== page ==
The LSU ROTC program fosters perhaps the University’s first and oldest student organization and its oldest tradition – the military heritage that has been part of the institution since its beginning under General William Tecumseh Sherman, who is believed to have given LSU the nickname “Ole War Skule.” For a number of years, the campus was a former military post, located adjacent to the Mississippi River near what is now downtown Baton Rouge.
Today, the same Pentagon Barracks provide space for state offices and other elected officials, and one can look out from them onto the official gardens of the state capitol and view the grounds on which LSU cadets once drilled and practiced military training. Since 1926, the LSU Corps of Cadets has been at home on the present campus of more than 2,000 acres.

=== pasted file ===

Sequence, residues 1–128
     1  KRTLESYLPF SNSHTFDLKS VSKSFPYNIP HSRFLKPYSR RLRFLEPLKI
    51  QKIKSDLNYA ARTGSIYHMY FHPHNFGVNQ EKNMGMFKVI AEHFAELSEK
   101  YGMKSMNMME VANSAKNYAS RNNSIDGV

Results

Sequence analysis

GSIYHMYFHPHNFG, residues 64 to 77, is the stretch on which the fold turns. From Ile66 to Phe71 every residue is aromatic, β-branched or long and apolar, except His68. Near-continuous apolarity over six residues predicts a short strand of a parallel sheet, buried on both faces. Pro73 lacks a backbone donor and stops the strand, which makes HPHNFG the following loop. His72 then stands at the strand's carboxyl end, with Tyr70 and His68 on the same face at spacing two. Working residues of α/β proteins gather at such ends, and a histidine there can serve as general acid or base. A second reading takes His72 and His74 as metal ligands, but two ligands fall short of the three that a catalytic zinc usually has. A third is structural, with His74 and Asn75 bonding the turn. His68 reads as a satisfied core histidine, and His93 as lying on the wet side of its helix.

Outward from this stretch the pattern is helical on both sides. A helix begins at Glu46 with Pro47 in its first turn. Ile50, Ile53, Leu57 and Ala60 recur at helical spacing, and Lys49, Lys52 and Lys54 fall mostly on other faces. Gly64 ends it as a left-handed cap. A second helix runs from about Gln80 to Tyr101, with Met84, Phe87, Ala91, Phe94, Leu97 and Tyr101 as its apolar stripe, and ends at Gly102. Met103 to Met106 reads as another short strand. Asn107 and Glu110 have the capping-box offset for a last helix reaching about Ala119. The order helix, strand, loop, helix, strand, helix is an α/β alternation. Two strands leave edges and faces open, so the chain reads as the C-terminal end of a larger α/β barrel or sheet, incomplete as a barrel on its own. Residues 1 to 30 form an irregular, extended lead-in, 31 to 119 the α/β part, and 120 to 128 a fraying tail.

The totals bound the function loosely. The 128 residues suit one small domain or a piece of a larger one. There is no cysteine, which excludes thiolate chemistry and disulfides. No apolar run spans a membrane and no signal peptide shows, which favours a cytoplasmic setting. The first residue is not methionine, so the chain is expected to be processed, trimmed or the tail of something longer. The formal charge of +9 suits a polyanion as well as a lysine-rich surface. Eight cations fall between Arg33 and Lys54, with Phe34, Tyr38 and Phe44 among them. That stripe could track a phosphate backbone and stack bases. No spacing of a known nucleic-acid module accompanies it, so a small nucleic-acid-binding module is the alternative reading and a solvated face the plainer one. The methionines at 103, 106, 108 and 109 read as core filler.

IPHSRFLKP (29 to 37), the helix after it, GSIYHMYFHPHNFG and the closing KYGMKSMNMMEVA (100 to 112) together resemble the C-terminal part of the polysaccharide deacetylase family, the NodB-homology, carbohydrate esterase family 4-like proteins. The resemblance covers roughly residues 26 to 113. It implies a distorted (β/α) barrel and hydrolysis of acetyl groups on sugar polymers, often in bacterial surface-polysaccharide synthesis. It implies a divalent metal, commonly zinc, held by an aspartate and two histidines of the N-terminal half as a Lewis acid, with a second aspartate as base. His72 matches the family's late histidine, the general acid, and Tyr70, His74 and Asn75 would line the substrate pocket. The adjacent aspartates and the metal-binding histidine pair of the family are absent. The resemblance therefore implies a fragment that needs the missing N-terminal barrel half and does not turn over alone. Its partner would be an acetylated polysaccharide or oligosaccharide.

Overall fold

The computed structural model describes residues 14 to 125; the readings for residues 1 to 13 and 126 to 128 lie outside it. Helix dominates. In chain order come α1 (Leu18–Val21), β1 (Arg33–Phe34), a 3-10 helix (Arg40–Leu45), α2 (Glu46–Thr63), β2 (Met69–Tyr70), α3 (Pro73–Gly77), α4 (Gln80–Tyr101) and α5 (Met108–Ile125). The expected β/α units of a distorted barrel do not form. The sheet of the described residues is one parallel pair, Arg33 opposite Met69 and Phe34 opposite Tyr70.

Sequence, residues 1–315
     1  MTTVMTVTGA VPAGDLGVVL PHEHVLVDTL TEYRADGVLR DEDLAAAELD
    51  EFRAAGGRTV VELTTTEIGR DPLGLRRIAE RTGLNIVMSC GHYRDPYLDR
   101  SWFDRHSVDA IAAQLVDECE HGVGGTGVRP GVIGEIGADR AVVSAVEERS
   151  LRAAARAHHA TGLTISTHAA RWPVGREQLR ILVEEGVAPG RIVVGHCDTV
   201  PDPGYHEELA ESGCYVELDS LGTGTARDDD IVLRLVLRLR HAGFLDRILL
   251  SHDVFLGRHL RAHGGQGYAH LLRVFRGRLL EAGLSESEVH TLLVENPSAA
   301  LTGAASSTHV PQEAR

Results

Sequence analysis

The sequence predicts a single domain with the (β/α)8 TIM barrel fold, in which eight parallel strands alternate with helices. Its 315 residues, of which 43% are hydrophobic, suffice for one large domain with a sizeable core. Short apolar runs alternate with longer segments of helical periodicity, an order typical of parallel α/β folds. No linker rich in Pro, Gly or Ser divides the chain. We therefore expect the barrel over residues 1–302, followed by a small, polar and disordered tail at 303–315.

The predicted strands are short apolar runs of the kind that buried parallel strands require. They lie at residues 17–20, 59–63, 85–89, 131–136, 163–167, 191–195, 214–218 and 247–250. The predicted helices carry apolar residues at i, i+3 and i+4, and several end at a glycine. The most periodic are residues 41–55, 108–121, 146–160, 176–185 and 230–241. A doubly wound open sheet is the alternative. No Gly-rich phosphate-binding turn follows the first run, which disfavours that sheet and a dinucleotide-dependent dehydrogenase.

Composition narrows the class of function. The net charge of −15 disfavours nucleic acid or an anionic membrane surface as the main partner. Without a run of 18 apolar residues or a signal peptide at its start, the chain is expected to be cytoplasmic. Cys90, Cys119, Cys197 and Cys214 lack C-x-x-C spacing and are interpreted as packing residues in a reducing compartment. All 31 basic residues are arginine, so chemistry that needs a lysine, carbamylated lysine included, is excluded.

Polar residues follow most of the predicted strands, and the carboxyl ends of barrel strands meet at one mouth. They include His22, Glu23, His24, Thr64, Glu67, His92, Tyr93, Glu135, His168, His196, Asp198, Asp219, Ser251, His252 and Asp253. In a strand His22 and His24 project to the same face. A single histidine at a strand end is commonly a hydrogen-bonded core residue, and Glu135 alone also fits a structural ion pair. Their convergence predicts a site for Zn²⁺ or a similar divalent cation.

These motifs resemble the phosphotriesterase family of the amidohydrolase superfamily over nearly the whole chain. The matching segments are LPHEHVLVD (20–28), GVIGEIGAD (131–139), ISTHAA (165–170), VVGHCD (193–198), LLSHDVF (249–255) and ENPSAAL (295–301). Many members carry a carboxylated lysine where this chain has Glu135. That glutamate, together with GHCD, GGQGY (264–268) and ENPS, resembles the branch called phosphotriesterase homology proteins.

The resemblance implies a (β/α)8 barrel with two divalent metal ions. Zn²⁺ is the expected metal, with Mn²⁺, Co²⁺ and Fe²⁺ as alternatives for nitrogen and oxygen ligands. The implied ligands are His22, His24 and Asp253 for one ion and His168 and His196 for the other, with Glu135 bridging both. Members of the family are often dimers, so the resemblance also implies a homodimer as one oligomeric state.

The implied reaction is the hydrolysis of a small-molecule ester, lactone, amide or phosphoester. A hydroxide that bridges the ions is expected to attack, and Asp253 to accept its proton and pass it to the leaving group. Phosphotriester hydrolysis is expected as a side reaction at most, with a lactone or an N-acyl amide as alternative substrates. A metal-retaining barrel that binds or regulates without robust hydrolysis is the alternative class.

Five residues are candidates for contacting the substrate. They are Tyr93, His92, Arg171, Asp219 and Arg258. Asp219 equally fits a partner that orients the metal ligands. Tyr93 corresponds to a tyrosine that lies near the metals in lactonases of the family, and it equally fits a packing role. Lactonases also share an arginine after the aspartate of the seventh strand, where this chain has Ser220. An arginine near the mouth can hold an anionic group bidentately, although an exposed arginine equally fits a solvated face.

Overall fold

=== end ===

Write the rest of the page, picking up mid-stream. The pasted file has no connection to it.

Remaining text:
Since the University’s establishment in 1860, the institution’s military tradition has undergone many changes. What was once a compulsory training institution for male students eventually transformed into a two-year mandatory ROTC commitment for incoming freshman. Upon completion of the two-year commitment, cadets could apply for an advanced ROTC program qualifying them to receive an officer’s commission upon graduation.
Due to rising tensions from the Vietnam War in the 1960s, the LSU Board of Supervisors had no choice but to make the ROTC program voluntary. Prior to 1969, when the military program changed from compulsory to voluntary, the Corps of Cadets numbered over 3,000 and was one of the top programs in the nation. Enrollment decreased significantly after 1969, but in recent years both the Army and Air Force have experienced increases in the number of students joining their programs. Also, while LSU does not have a Naval ROTC program, many students participate in the Naval ROTC program at Southern University and as such, are considered part of the LSU Corps of Cadets.
Now with more than 300 cadets involved, the LSU Corps of Cadets serves proudly as part of the legacy of “the Long Purple Line” that will always remain with them and others through membership in Cadets of the Ole War Skule.